Marshall County native shares love for `Bonanza`

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Marshall County native shares love for `Bonanza`
THE REPORTER
THURSDAY, FEBRUARY 11, 2010 | PAGE B9
Marshall County native
shares love for ‘Bonanza’
By George Jones
[email protected]
In 1959, “Bonanza,” the
second longest-running television western series began its 14-season run from
Sept. 12, 1959-Jan. 16,
1973.
Designed to appeal to a
broad spectrum of ages and
gender, the show had a definite appeal for one young
Guntersville native – B.B.
Hudspeth.
“I believe I was at least
walking, because I remember wearing my tan suede
boots when I played ‘Bonanza,’” Hudspeth said.
“Whenever asked what I
wanted to be when I grew
up, my response was always ‘Little Joe Cartwright,’” he said.
Years later, Hudspeth acquired from Michael Landon’s stunt double and best
friend, Hal Burton, the actual boots worn by Landon
during the series.
“Michael handed the
boots to Hal at the close of
the ‘Bonanza’ series, and
Hal had them for over 30
years,” Hudspeth said.
The boots are now a central piece in Hudspeth’s personal collection of “Bonanza” memorabilia.
The first TV western televised in color was about
Ben Cartwright (played by
Lorne Greene), a prosperous rancher and his three
sons, Adam (Pernell
Roberts), Hoss (Dan Blocker) and Little Joe (Michael
Landon), who lived near
Virginia City, Nev., in the
mid-1800s.
Hudspeth, a graduate of
Guntersville High School,
has a bachelor’s degree
from Maryville College in
Tennessee, and a master’s
degree from Auburn University.
At the age of 13, Hudspeth discovered he had a
knack for doing character
impressions.
“I always came home
from school in between
sports seasons and watched
the Turner Broadcasting
System channel,” he said.
“Many of the great classic shows were aired on this
channel, and I watched
them for hours,” Hudspeth
said.
“One morning, while riding to school with my Dad,
I attempted the voice of
Gomer Pyle. Praise from
my Dad inspired me and, a
few months later, I had my
first performance as Gomer
Pyle at a church Valentine’s
banquet,” he said.
A fan of the ‘Bonanza’
series since childhood,
Hudspeth was ecstatic
when he received an invitation in 2009 to be one of
three presenters at the 50th
anniversary event commemorating the series. It
was attended by cast members, guest stars, producers,
directors, stuntmen, family
members of both the main
cast and the show’s creator,
and fans of the series.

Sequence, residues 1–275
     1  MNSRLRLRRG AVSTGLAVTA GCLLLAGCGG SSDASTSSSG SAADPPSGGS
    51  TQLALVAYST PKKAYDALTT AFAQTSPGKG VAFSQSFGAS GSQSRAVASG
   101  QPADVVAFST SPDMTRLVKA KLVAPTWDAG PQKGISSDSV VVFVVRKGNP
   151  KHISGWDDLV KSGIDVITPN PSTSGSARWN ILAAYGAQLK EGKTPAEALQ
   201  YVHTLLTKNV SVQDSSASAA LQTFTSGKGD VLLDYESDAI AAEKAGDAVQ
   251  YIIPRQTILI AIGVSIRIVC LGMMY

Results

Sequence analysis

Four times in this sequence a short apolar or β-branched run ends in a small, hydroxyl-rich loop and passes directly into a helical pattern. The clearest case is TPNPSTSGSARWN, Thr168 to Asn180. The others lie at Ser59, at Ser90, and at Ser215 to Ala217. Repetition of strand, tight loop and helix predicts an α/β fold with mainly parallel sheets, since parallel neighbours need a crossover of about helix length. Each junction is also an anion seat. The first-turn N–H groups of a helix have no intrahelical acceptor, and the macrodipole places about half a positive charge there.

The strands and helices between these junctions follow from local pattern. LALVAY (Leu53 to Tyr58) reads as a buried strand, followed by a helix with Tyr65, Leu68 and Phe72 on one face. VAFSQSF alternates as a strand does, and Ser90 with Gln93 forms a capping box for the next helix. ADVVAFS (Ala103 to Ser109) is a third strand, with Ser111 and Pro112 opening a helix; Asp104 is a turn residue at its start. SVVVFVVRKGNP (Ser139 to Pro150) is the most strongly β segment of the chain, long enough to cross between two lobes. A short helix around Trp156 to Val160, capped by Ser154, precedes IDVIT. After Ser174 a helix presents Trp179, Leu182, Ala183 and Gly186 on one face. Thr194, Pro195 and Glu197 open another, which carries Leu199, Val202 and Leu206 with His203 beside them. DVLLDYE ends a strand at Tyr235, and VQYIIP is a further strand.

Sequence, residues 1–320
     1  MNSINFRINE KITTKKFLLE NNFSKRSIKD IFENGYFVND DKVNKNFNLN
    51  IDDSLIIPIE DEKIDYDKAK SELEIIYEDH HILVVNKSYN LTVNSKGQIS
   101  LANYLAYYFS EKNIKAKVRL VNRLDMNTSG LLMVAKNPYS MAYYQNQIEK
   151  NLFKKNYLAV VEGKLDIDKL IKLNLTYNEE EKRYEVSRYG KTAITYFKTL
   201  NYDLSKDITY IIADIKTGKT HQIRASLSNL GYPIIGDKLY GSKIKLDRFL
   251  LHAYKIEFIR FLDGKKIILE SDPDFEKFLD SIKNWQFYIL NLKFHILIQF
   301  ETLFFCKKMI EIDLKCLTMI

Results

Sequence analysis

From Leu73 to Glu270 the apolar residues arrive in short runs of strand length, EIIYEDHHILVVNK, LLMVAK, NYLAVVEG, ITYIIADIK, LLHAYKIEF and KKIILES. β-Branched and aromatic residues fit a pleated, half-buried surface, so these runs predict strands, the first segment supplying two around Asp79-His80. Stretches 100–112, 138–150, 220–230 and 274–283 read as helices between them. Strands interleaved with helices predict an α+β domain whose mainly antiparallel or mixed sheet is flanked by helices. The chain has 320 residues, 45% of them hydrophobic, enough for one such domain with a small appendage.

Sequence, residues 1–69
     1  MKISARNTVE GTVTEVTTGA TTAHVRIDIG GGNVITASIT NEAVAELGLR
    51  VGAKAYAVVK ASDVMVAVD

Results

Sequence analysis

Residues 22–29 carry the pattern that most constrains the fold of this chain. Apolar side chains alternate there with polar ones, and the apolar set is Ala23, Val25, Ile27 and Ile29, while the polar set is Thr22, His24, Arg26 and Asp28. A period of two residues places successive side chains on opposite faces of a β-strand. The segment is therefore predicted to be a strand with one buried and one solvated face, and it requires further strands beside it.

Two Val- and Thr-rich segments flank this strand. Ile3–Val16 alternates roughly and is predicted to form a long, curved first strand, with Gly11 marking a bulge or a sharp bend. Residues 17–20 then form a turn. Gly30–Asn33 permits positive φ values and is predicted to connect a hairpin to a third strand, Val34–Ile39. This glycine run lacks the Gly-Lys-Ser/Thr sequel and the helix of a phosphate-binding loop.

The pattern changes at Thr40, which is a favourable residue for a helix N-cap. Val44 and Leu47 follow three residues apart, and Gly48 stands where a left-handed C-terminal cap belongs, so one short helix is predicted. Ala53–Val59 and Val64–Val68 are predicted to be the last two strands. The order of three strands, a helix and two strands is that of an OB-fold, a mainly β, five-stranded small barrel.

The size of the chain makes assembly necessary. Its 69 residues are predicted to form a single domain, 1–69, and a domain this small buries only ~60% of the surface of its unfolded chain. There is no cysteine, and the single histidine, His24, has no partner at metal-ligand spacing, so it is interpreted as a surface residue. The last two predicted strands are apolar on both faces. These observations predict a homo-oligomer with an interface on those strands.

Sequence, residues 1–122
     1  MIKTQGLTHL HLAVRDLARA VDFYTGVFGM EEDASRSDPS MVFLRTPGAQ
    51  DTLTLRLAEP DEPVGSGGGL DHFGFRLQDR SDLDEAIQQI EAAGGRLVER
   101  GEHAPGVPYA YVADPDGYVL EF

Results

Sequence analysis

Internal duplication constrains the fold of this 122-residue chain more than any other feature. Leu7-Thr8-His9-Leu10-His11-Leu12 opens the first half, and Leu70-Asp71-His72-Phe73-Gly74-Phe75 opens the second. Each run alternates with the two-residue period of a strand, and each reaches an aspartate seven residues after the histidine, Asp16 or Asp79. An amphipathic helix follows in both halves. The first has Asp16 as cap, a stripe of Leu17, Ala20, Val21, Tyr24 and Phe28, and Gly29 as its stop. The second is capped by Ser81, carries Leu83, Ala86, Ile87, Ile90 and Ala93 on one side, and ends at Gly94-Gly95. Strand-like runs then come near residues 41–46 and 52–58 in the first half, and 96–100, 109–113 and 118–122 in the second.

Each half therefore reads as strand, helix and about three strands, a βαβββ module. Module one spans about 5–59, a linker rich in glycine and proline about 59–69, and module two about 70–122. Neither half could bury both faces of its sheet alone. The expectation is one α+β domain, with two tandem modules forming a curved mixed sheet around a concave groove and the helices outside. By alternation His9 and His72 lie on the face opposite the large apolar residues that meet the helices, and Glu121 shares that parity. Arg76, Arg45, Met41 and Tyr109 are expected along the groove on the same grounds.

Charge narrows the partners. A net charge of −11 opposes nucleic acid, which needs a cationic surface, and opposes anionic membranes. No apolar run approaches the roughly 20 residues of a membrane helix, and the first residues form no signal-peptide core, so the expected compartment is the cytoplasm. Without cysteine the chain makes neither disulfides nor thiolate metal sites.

Hudspeth opened the program with a voice/character
impression tribute to actors
Edgar Buchanan and Henry
Hull, both of whom appeared as guest stars on the
series.
“Being a part of the celebration of ‘Bonanza’s’golden anniversary was truly
something special,” he said.
“I remember how surreal
it was looking out into the
audience during my performance and making eye
contact with veteran actors
Gregory Walcott and Peter
Mark Richman and “Bonanza’s” associate producer
Kent McCray and realizing
what a blessing and opportunity I had been granted.”
Bonanza Gold, the official ‘Bonanza’ magazine
published quarterly since
2003, described Hudspeth’s
appearance as being similar
to that of a young Adam
Cartwright in its post-con-
Special to The Reporter
B.B. Hudspeth has been a fan of the television series
‘Bonanza’ since childhood. Above, he shows some of
the ‘Bonanza’ memorabilia he has, including actual
boots worn by Michael Landon during the series.
vention special issue.
McCray, who also
served as producer of
“The High Chaparral,”
“Little House on the
Prairie” and “Highway to
Heaven” series, followed
Hudspeth.
Attendees of the convention received a surprise opportunity to visit
the Ponderosa Ranch
theme park that closed in
2004, and includes a
replica of the Cartwright’s
home.
The visit was the icing
on the cake for Hudspeth.
“It was a trip of a lifetime to me,” he said.
“Senior citizens and
baby boomers well remember the television
show. For many, watching
it together was a weekly
family tradition. It has
even been said American
presidents altered schedules not to conflict with
the airing of ‘Bonanza.’”
Hudspeth anticipates
seeing ‘Bonanza’s’ popularity continue.
“The series still has a
very strong fan base. It
was encouraging to see
many young faces in
attendance at the event,
a good sign to see the
series to continue on
and on,” he said.
On Jan. 24, Pernell
Roberts, who portrayed
Ben Cartwright’s eldest
son Adam, died. He was
the last of the original
Cartwrights.
“Although Little Joe
has always been my favorite Cartwright, there
was just something special about Pernell’s character, Adam. Pernell, as an
actor, was captivating. He
brought such a mix of
qualities to ‘Bonanza.’His
versatility allowed writers
to capitalize on his theatrical background, musical
talents, and his ability to
conquer any complex or
challenging role.
‘Bonanza’ will live on
through reruns, DVDs,
and the memories of individuals like Marshall
County native B.B. Hudspeth.
Hudspeth, who entertains audiences as a
speaker and impressionist,
is married to the former
Brooke Buchanan, of
Guntersville. They reside
in Nashville, Tenn.
Hudspeth is the son of
Trinity Church of God
pastor Bishop Wendell
and Jo Ann Hudspeth, in
Albertville.